The Gainesville Auto Collision Attorneys of the Law Office of Alba & Straile, PLLC discuss changes to Florida’s Move-Over Law, which went into effect July 1, 2014. Under the former law, the requirement for motorists to move-over applied only to authorized emergency vehicles and tow-truck drivers, when such vehicle were displaying audible and/or visual signals. However, pursuant to 2014 revisions to Florida Statute 316.126, motorists must now also move-over for sanitation and utility service vehicles as well, as follows:
- Sanitation Vehicle performing a task related to the provision of sanitation services on the roadside
- Utility Service Vehicle performing a task related to the provision of utility services on the roadside
The actual move-over procedures will remain the same, in that motorist have two options, depending on the circumstances. They can either vacate the emergency vehicle, sanitation vehicle, utility service vehicle, or wrecker. However, if movement cannot be safely accomplished, the motorist can slow their vehicle as follows: (a) 20 mph or less if the speed limit is 25 mph or more; and (b) 5 mph if the speed limit is 20 mph or less.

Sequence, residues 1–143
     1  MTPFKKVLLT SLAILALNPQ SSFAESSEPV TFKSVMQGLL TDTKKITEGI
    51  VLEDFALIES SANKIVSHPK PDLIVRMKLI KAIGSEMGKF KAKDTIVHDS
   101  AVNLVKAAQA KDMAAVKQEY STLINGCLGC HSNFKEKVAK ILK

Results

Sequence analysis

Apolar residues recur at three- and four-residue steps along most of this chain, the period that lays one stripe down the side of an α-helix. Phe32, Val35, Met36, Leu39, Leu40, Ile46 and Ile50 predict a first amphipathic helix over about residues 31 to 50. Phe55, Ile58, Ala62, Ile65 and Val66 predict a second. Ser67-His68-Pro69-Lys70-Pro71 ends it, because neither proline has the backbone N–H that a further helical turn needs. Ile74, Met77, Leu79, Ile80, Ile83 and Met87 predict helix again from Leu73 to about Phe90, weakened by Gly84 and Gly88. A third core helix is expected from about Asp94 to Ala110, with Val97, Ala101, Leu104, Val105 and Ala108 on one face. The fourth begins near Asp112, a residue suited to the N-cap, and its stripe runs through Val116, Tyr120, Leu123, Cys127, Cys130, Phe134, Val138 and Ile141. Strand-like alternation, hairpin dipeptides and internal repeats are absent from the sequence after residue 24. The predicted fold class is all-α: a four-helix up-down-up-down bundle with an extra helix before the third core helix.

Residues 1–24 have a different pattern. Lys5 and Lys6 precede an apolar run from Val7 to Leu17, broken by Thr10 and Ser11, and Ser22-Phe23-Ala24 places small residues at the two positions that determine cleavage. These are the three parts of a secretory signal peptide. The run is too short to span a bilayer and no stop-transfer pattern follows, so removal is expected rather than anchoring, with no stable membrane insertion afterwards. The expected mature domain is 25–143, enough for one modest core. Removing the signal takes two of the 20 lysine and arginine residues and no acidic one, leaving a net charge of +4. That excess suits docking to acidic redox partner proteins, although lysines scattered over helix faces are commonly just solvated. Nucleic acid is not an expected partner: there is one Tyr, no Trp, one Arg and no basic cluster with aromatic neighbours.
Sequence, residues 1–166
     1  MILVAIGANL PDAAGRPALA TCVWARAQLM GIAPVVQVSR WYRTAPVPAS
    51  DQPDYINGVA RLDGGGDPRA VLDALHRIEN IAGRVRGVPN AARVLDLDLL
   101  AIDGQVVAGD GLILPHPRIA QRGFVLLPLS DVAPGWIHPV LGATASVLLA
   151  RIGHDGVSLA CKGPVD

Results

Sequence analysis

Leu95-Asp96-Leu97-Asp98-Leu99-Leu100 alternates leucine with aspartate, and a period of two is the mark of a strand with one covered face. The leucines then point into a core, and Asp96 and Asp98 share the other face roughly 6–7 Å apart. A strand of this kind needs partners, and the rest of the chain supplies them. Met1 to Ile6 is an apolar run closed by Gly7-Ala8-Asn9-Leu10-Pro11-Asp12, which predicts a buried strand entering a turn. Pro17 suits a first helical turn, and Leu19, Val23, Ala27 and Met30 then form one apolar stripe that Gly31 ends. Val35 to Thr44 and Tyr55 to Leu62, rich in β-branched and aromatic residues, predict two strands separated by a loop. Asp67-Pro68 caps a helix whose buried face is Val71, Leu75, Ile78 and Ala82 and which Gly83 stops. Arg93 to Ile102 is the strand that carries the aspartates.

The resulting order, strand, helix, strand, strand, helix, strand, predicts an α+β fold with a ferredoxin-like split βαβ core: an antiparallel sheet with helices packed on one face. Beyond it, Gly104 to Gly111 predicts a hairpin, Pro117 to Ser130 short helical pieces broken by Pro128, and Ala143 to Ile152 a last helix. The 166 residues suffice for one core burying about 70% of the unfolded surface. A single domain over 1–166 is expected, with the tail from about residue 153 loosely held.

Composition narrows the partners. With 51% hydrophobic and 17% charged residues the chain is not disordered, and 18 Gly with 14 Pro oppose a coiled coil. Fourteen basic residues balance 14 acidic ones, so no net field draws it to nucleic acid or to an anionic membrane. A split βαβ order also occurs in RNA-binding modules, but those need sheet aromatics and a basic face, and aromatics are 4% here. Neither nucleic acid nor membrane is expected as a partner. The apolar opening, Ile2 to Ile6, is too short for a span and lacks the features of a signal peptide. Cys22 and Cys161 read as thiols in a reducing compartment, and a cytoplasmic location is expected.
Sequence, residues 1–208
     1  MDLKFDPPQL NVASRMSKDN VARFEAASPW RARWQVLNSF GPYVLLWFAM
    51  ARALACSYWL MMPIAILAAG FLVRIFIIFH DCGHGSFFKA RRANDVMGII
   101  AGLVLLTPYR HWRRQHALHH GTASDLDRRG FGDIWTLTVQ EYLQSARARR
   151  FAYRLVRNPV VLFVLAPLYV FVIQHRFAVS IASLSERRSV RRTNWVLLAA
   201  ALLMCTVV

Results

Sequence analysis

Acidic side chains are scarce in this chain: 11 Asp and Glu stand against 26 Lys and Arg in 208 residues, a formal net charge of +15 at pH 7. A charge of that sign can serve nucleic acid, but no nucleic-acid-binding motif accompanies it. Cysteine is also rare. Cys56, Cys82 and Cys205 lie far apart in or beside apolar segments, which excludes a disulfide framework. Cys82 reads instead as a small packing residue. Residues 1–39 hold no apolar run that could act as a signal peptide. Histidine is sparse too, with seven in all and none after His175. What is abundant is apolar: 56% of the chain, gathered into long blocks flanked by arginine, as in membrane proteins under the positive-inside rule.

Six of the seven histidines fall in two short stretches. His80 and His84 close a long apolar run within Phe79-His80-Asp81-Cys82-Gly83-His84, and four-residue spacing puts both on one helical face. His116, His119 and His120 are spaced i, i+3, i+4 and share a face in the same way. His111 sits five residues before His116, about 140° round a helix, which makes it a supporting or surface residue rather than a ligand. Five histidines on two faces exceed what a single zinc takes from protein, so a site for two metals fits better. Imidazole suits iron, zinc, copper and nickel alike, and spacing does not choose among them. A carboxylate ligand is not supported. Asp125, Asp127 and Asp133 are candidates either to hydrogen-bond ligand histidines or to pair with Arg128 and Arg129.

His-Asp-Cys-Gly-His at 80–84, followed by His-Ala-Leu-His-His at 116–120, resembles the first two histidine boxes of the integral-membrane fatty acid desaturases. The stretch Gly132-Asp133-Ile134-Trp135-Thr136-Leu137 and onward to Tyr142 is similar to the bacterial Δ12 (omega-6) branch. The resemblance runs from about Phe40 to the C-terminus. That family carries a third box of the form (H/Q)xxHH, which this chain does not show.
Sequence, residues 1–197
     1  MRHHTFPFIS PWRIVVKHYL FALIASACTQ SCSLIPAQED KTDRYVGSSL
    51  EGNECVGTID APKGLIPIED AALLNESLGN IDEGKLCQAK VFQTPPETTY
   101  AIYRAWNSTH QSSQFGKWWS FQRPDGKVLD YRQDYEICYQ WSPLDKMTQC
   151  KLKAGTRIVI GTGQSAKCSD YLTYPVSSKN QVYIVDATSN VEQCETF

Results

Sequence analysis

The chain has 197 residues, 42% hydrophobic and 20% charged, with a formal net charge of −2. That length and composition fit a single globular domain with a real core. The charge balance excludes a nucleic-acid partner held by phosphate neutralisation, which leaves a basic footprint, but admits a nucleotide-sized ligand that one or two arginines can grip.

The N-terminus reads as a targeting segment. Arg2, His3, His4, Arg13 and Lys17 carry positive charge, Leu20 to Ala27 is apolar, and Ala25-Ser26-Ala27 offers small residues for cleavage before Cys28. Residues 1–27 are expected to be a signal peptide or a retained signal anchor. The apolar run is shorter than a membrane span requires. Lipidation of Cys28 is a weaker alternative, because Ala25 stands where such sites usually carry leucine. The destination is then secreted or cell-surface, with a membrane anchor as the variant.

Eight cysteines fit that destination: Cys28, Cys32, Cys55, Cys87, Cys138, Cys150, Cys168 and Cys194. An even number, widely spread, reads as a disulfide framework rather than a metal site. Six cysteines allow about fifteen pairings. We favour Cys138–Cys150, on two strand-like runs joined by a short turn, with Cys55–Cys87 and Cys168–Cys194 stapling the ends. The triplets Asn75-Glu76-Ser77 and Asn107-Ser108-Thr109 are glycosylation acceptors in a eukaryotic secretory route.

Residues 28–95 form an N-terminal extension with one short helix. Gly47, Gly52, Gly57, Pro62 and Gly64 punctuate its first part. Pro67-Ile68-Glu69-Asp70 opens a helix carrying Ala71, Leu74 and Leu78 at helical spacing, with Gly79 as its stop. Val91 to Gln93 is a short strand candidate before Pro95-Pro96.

A summary of ALL vehicle included under Florida’s Move-over Law, as revised, is as follows:
1)Authorized emergency vehicles – en route – audible or visual signals
2) Authorized emergency vehicles – parked on roadside – visual signals
3) Wrecker – parked on roadside – displaying amber rotating or flashing lights is performing roadside recovery or loading
4) Sanitation vehicles – parked on roadside – performing sanitation related task
5) Utility service vehicles – parked on roadside – performing utility service related task.
***INITIAL POST: Florida’s Move-over Law (Prior to 2014 Revisions)***
If you are like many Florida drivers, you may be aware that we have a ‘Move Over Law,’ but may not know precisely what the law encompasses, or fully understand what it requires in a particular situation. The Gainesville Attorneys of the Law Office of Alba & Straile, PLLC discuss this important law, in hopes that we can provide clarification, as well as promote safety awareness.